. } Since. If you develop the class of the sender and the class of the receiver as part of the same project (or if someone else has supplied you with the receiver and its interface file).setAssistant:anObject { assistant = anObject. The imported file declares the method selectors the sender uses in the messages it sends. . an object might delegate responsibility for a certain operation to another object. you can’t import the interface file of the class that implements it. a check is made to be sure that the receiver implements a method that can respond: . 58 Methods for Others to Implement 2010-07-13 | © 2010 Apple Inc. objects send messages as well as receive them. This method lets other objects register themselves as potential recipients of your object’s messages: . These declarations advertise the messages it can receive. return YES.(BOOL)doWork { . For example. In some cases. for example. You need another way to declare the methods you use in messages but don’t implement. All Rights Reserved. you can look at its interface declaration (and the interface declarations of the classes it inherits from) to find what messages it responds to. that you develop an object that asks for the assistance of another object by sending it helpOut: and other messages. However. you can only declare a protocol for the helpOut: method. It informs the compiler about methods the class uses and also informs other implementors of the methods they need to define to have their objects work with yours. } return NO. whenever a message is to be sent to the assistant. you can’t know what kind of object might register itself as the assistant. if you develop an object that sends messages to objects that aren’t yet defined—objects that you’re leaving for others to implement—you won’t have the receiver’s interface file. or it may on occasion simply need to ask another object for information. You provide an assistant instance variable to record the outlet for these messages and define a companion method to set the instance variable. this communication is easily coordinated. Suppose. Protocols provide a way for it to also advertise the messages it sends. } Then.. an object might be willing to notify other objects of its actions so that they can take whatever collateral measures might be required. The sender simply imports the interface file of the receiver. Communication works both ways.CHAPTER 4 Protocols Methods for Others to Implement If you know the class of an object. at the time you write this code. A protocol serves this purpose. if ( [assistant respondsToSelector:@selector(helpOut:)] ) { [assistant helpOut:self].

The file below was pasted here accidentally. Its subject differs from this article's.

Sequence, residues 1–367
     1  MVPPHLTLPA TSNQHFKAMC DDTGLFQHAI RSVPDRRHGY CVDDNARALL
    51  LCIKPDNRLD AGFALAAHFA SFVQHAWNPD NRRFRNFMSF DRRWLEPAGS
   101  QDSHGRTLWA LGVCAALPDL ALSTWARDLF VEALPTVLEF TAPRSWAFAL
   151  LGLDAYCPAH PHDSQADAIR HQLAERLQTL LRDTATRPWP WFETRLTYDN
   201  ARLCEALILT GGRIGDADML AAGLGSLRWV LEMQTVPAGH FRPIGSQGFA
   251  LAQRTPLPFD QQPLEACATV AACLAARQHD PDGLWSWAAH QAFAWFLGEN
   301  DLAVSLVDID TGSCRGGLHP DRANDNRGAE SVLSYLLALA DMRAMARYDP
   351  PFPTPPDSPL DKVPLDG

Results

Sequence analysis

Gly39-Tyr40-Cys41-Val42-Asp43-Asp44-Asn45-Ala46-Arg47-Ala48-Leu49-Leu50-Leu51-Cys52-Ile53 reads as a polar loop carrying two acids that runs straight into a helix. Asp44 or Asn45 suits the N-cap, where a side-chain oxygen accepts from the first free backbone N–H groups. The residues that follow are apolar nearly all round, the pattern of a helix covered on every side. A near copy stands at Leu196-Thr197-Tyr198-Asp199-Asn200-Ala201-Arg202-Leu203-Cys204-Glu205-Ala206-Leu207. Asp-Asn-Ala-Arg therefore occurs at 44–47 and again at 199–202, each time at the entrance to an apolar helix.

the supplier must provide a ready-made instance. The sending application doesn’t need to know the class of the object or use the class in its own design. For it to be of any use at all. Protocols make anonymous objects possible. there would be no way to declare an interface to an object without identifying its class. the object itself reveals it at runtime. (Objects that play a fundamental role in defining an application’s architecture and objects that you must initialize before using are not good candidates for anonymity. An anonymous object may represent a service or handle a limited set of functions. But you don’t need to know how another application works or what its components are to communicate with it. This is done by associating the object with a list of methods declared in a protocol. Without a protocol. the information in the protocol is sufficient. especially where only one object of its kind is needed. A class message returns the anonymous object’s class. Declaring Interfaces for Anonymous Objects 2010-07-13 | © 2010 Apple Inc. at least not one the supplier is willing to reveal. Note: Even though the supplier of an anonymous object doesn’t reveal its class. All it needs is the protocol. there’s usually little point in discovering this extra information. The object returned by the method is an object without a class identity. discusses this possibility in more detail. (Remote Messaging (page 105) in the Objective-C Runtime Programming Guide. ■ You can send Objective-C messages to remote objects—objects in other applications. Typically. the supplier must be willing to identify at least some of the messages that it can respond to. An application that publishes one of its objects as a potential receiver of remote messages must also publish a protocol declaring the methods the object will use to respond to those messages. Non-Hierarchical Similarities If more than one class implements a set of methods. users have no way of creating instances of the class. classes.) Each application has its own structure. Instead. but the inheritance hierarchy and the common declaration in the abstract class captures the essential similarity between the subclasses. Each subclass may re-implement the methods in its own way. All Rights Reserved. an object of unknown class. of course. a method in another class returns a usable object: id formatter = [receiver formattingService]. all you need to know is what messages you can send (the protocol) and where to send them (the receiver). As an outsider. It doesn’t have to disclose anything else about the object. and internal logic.CHAPTER 4 Protocols Declaring Interfaces for Anonymous Objects A protocol can be used to declare the methods of an anonymous object. consider the following situations: ■ Someone who supplies a framework or a suite of objects for others to use can include objects that are not identified by a class name or an interface file. 59 . However. but they are anonymous when the developer supplies them to someone else. Lacking the name and class interface. those classes are often grouped under an abstract class that declares the methods they have in common.) Objects are not anonymous to their developers. For example.